The findings are sent to your health care provider usually within 2-4 weeks, who will briefly discuss them with you at your next appointment. It usually takes several days to score and interpret the results. We will also schedule an appointment with you to review the results in more detail if you desire. The results are confidential and will only be shared among the doctors, therapists or case managers who are working directly with your treatment with your written permission. If you have any questions about the procedures, please feel free to discuss these with Dr. MacInnes.
Will my insurance pay for these tests?
Like other medical procedures, neuropsychological tests are usually covered to one degree or another by your health, auto, and/or workers comp insurance. As an outpatient, there is usually some coverage that may pay for at least a portion of these costs. For more information about your charges, insurance coverage and your payment obligations, please contact us.
Mild Traumatic Brain Injury or Concussion
What is Mild Traumatic Brain Injury (MTBI)?
A person with an MTBI is one who has had a traumatically induced physiological disruption of brain function as manifested by at least one of the following:
- Any loss of memory for events immediately before or after the trauma;
- Any alteration in mental state at the time of the trauma (e.g., feeling dazed, disoriented, or confused); and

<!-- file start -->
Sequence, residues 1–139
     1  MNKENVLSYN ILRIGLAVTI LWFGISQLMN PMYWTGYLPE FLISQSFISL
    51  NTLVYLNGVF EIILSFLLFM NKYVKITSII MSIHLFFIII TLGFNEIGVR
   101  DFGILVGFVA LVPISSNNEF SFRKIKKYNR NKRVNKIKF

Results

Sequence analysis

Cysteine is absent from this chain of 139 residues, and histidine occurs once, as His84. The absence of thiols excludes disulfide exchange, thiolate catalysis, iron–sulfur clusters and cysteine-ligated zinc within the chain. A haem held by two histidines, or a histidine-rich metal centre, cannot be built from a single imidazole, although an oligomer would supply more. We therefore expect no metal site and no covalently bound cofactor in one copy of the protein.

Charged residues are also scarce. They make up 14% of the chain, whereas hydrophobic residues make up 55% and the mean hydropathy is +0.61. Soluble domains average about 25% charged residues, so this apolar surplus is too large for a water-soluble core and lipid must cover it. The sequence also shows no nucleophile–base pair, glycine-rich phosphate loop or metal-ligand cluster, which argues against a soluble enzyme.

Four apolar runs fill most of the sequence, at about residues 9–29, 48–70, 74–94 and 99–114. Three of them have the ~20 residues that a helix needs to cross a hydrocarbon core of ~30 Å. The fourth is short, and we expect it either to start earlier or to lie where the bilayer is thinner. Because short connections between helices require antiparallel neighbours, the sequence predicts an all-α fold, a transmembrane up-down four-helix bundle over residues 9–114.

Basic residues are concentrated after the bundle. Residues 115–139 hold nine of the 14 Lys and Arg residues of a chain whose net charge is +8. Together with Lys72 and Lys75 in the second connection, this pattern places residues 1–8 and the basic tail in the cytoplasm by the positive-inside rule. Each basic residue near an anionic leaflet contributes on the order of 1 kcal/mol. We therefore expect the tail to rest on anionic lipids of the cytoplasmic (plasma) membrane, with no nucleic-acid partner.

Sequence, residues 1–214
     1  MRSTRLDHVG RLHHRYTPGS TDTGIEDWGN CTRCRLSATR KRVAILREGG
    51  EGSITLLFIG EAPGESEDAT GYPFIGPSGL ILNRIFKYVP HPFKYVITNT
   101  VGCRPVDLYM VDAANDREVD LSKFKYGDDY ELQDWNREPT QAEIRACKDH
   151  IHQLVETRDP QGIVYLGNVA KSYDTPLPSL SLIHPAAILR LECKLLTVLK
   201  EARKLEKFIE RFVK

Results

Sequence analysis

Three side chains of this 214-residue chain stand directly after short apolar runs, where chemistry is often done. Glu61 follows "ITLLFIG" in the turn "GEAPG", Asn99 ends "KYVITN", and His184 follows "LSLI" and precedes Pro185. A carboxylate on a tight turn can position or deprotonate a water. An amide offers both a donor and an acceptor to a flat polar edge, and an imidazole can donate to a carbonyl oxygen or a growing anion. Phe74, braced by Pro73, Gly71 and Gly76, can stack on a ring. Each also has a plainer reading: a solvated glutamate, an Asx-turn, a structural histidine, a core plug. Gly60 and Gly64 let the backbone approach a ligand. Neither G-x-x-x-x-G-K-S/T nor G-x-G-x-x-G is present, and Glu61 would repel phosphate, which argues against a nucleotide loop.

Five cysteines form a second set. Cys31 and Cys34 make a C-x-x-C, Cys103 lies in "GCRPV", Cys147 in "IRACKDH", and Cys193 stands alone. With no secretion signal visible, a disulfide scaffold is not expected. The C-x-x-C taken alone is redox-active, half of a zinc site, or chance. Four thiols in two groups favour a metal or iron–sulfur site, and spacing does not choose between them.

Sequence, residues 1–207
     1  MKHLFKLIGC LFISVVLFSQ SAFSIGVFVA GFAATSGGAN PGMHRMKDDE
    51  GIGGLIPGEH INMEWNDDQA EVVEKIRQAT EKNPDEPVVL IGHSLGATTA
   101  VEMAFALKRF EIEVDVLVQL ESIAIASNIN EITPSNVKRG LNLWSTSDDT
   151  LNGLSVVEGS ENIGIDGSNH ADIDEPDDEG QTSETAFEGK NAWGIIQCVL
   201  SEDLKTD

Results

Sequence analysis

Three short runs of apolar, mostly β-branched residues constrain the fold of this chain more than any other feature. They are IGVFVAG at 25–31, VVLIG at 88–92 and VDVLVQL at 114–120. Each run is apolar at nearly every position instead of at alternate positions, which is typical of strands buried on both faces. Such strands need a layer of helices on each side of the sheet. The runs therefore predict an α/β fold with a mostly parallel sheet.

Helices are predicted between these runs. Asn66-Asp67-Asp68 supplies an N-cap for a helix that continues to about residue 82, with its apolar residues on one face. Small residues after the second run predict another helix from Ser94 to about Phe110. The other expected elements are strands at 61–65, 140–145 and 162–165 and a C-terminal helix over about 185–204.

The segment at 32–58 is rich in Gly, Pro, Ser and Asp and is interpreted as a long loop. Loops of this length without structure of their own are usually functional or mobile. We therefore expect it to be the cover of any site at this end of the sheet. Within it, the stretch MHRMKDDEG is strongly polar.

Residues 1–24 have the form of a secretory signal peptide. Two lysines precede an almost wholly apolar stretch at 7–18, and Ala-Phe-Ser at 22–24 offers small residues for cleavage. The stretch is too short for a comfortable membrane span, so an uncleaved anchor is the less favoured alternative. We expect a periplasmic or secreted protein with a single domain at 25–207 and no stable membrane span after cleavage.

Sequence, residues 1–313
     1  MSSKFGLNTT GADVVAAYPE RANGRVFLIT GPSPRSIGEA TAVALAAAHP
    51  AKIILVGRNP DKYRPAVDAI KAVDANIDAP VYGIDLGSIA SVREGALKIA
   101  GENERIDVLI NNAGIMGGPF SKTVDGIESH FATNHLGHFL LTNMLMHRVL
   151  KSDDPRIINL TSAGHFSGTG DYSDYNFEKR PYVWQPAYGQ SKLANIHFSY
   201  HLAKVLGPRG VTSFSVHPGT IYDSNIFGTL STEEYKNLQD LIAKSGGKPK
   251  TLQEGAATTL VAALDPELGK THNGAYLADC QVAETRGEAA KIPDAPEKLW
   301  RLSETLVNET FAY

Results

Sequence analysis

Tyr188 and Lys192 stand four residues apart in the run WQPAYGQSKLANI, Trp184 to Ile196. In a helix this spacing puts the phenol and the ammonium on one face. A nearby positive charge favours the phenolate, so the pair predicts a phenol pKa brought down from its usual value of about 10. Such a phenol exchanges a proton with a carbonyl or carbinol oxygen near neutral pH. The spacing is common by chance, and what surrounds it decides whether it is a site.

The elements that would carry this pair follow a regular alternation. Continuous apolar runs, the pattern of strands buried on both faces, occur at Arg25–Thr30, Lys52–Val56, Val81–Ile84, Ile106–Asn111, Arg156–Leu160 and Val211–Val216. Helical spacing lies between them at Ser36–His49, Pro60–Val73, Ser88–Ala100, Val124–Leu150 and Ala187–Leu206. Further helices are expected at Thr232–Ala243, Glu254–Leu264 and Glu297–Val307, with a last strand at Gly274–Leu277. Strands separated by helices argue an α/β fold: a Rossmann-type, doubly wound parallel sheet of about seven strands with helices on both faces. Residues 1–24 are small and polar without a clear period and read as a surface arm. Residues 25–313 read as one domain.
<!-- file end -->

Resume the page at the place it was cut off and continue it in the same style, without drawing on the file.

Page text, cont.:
- Focal neurological impairments that may or may not be transient; but where the severity of the injury does not exceed the following: -Loss of consciousness for approximately 30 minutes or less;
- After 30 minutes, an initial Glasgow Coma Scale (GCS) of 13 - 15;
- Post-traumatic amnesia (PTA) not greater than 24 hours The disruption of functioning during head injury occurs when the soft, moveable brain collides with the skull because of a violent motion or blow to the head. The brain may be bruised, or nerve fibers may be damaged.
Often, someone who has sustained an MTBI may have no apparent problems, or the symptoms may go away very quickly. However, in some cases, MTBI may lead to physical, cognitive, and emotional problems.
One or more of the symptoms listed below may be experienced immediately following the injury:
- Slurred speech
- Tinnitus (ringing in ears)
Quite often, these symptoms resolve in a day or two, or more commonly, within a few weeks. In a few instances, ongoing symptoms may persist. These may include:
- Mood swings/irritability
- Memory problems
- Impaired planning or organization
- Slowed information processing
- Decreased emotional control
- Sensitivity to light, noise, crowds, busy environments
- Language/speech problems
- Decreased learning ability
- Physical and mental fatigue
- Vision, smell, and taste changes
- Increased fears, anxieties
- Alcohol intolerance or changed tolerance to medications